One for the Ages
Writer / Kevin Conrad Photographer / Bob Foote
“The Perfection.” That’s how Center Grove High School head football coach Eric Moore describes the Trojans’ 2015 undefeated 14-0 season. Coach Moore’s team had its most historic season ever: winning the IHSAA Class 6A State Title, winning the powerful Metropolitan Interscholastic Conference Championship, securing the number-one ranking in the state and rising into the top 10 in the national polls.
The magnitude of what the Trojans accomplished on the gridiron this past season is not lost on the veteran coach. “Capping everything off with an undefeated season with a state championship, you just don’t write stuff like that. You never write that on a goal board. Everybody wants to be undefeated state champions.”
It’s clear that the credit for the Trojans’ amazing season is shared among many, but Coach gives most of the credit to his seniors. “Even though we have 100 kids on the football team, we don’t really have 100 players, so you turn your attention to the senior class. To see what 36 kids [seniors] accomplished is a tremendous task. Your season starts. You go over and beat Warren Central at home. What a way to start a season!
“Then you go up to Carmel and win the Copper Kettle back, so you now beat the two top teams in the MIC conference at their stadiums already, and now you’re rolling. You beat Ben Davis at home. You win the MIC conference undefeated for the first time for our school. And then you beat Cathedral at home to finish a perfect season. And then you win a sectional, you win a regional, you win a semistate and then you win a state championship!”
Center Grove had seven seniors start and help anchor the defense, which was rated one of the best in the nation. All-American linemen Jovan Swann and Cameron Tidd led the way, creating havoc for opposing offenses.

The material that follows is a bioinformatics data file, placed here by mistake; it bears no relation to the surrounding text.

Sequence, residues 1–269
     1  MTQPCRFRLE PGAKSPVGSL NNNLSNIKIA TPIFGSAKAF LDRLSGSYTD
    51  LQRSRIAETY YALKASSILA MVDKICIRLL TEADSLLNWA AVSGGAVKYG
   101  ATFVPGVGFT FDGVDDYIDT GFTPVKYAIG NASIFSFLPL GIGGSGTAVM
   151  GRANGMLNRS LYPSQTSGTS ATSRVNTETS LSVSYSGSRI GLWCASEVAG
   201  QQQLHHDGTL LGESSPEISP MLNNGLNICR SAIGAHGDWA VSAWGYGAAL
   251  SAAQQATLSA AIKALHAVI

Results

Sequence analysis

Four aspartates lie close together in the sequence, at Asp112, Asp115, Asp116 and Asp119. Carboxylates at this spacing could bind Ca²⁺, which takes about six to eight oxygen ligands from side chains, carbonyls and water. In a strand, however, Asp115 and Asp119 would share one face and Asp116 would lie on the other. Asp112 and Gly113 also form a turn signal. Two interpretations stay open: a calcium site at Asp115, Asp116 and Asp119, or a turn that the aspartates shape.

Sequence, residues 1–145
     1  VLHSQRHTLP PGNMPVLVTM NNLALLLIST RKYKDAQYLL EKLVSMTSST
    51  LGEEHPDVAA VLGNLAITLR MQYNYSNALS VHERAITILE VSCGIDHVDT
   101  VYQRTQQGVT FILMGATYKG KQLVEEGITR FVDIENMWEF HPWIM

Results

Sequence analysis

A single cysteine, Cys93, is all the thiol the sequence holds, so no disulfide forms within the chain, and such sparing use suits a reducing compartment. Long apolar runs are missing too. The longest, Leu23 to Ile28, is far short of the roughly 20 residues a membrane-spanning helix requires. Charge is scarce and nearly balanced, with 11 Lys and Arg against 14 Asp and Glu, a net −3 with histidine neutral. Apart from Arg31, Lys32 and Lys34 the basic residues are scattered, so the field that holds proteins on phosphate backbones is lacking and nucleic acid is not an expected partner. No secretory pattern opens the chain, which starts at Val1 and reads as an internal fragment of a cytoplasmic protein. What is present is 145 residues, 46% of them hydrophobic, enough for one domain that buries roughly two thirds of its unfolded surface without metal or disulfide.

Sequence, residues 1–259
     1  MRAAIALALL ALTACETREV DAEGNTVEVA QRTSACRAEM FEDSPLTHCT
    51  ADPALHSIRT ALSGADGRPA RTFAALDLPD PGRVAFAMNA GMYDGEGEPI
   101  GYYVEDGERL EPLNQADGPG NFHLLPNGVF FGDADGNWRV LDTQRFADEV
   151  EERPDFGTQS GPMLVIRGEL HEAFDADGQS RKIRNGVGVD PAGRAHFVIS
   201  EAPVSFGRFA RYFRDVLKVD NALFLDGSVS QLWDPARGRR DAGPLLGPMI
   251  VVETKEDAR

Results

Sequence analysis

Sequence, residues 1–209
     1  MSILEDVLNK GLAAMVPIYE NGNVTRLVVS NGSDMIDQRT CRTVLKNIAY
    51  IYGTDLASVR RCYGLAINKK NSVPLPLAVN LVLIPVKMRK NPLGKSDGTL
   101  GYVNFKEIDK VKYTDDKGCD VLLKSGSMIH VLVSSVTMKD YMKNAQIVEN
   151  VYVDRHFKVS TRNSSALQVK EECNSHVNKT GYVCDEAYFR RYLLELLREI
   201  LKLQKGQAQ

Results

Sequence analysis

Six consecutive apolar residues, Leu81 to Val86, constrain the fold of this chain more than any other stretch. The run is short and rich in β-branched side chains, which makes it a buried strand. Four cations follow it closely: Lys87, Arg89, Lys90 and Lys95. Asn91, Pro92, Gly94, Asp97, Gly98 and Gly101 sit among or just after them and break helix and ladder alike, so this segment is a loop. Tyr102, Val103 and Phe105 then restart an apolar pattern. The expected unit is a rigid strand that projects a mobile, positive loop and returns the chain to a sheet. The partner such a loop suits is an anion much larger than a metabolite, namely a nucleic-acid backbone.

“The highlight show” is Coach Moore’s nickname for Swann. “He has a big heart. He loves Center Grove football. He loves his teammates. Traits he brings to the field: great surge up the field pass rush, big long arms to knock balls down. He’s an excellent student, character, role model. He’s a great leader. The kids followed him. They all believed in everything he said and did. He believed we could win. He’s an All-American.” Swann has verbally committed to play college football at Stanford.
Tidd has also committed to play Division I college football at Vanderbilt. Moore appreciates Tidd’s quiet strength. “Not much comes out of his mouth. Positive always. He’s a winner. He’s stoic. He never gets too high or too low. He did his job. High character. Just a champion.” Tidd was also a state champ during the spring 2015 track and field season with a school record throw in the discus.
But the depth of the Trojans extended well beyond Swann and Tidd. Coach Moore had a smile as he described the strengths of his seniors:
Devon Wilson, Defensive End: “He’s a savvy player. He’s not the fastest player, but he’s very strong. He really understood football. Just a solid football player. He’s going to Division III to play football. I think he’ll have a great career.”